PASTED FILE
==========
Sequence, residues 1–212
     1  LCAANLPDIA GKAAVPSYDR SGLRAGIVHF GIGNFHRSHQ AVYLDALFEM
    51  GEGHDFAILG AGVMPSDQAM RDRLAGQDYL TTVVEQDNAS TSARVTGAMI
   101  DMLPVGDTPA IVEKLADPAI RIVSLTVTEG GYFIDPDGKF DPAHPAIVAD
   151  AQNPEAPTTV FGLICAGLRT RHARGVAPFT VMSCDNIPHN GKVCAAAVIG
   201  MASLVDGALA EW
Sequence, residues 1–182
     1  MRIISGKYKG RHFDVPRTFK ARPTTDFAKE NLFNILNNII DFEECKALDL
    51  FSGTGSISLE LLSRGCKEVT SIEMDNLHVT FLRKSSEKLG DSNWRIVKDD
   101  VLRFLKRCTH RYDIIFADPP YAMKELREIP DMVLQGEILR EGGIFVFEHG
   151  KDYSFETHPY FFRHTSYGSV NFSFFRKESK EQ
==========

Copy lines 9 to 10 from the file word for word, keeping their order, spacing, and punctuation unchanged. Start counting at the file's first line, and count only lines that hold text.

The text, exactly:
    51  FSGTGSISLE LLSRGCKEVT SIEMDNLHVT FLRKSSEKLG DSNWRIVKDD
   101  VLRFLKRCTH RYDIIFADPP YAMKELREIP DMVLQGEILR EGGIFVFEHG